Understanding and preventing bushfire-setting: A psychological perspective

Lauren Ducat, James R. P. Ogloff

Research output: Contribution to journalReview ArticleResearchpeer-review

9 Citations (Scopus)


Deliberate fire-setting costs the community millions of dollars each year and comes at a great human cost. However, little is known about who commits arson and why or how fire-setting can be prevented and treated. This article provides a brief overview of the international literature on the rates, predictors, and prevention and treatment of firesetting with a view to understanding the phenomenon in the Australian context. While much of the existing literature focuses on structural arson, current knowledge on bushfire-setting will also be explored, with some attention being paid to the issue of firefighter arson. This review highlights the current gaps in knowledge and shows that relatively little reliable information is available to guide law enforcement and mental health practitioners in their endeavours to reduce and treat the occurrence of firesetting.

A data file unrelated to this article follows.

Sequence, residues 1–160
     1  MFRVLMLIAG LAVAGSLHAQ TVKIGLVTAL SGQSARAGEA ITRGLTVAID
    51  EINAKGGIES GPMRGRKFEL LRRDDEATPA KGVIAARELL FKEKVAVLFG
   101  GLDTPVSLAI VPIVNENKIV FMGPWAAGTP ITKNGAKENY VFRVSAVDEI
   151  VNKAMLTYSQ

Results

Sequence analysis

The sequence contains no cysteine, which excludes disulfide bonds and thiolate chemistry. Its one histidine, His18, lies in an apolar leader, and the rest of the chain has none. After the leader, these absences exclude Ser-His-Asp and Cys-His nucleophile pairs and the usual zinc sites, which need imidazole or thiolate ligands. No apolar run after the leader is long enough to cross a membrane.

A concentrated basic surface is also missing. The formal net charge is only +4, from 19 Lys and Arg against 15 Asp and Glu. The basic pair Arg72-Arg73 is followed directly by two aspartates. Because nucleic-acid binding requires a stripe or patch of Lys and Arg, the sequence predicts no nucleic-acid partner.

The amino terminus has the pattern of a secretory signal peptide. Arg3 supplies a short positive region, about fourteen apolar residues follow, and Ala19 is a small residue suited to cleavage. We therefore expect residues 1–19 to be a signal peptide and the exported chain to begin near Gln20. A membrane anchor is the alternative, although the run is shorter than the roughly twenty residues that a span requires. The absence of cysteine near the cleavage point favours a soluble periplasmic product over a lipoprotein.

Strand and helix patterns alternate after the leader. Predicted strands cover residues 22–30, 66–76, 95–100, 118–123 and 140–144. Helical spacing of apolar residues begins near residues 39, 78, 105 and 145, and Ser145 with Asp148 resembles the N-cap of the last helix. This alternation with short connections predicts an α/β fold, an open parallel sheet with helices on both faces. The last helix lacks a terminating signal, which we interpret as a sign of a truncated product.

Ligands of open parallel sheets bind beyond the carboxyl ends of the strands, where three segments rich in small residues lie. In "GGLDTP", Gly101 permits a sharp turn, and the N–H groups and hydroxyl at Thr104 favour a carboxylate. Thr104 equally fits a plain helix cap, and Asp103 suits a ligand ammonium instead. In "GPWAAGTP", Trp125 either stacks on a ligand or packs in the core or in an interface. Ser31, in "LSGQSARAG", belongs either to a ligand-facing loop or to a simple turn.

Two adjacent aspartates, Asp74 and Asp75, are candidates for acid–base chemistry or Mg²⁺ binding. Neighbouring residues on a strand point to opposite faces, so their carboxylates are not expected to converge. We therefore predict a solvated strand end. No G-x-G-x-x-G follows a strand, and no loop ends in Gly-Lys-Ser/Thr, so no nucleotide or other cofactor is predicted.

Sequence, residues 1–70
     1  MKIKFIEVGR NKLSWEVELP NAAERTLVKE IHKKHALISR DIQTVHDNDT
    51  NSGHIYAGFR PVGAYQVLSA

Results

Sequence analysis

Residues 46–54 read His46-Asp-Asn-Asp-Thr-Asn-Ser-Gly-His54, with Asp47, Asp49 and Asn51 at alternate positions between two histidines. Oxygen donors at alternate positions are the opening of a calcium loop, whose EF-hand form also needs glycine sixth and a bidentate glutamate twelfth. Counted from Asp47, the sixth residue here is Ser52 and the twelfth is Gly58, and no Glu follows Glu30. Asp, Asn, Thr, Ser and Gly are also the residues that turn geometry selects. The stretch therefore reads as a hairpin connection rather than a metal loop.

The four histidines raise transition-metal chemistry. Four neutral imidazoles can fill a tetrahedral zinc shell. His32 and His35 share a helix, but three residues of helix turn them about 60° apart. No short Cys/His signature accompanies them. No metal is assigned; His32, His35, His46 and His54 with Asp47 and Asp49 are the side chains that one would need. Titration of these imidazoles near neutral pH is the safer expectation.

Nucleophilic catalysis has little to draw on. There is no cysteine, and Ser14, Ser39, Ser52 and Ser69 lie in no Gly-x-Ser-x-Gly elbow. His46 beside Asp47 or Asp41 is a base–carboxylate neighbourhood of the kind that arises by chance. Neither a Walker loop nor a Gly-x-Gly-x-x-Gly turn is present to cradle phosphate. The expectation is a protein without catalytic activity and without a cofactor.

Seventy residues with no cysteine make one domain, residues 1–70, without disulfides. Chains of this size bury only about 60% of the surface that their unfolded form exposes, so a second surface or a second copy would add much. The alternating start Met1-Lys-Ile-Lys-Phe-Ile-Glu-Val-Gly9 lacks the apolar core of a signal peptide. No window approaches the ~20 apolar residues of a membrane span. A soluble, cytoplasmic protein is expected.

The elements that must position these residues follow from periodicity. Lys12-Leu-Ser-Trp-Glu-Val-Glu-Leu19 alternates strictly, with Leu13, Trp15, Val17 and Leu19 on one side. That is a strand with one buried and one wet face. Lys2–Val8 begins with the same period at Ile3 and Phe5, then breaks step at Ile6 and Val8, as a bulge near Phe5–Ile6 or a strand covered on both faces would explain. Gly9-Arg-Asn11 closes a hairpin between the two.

Original languageEnglish
Pages (from-to)341-356
Number of pages16
JournalPsychiatry, Psychology & Law
Issue number3
Publication statusPublished - Aug 2011


  • Arson
  • Fire-setting
  • Prevention
  • Recidivism
  • Treatment

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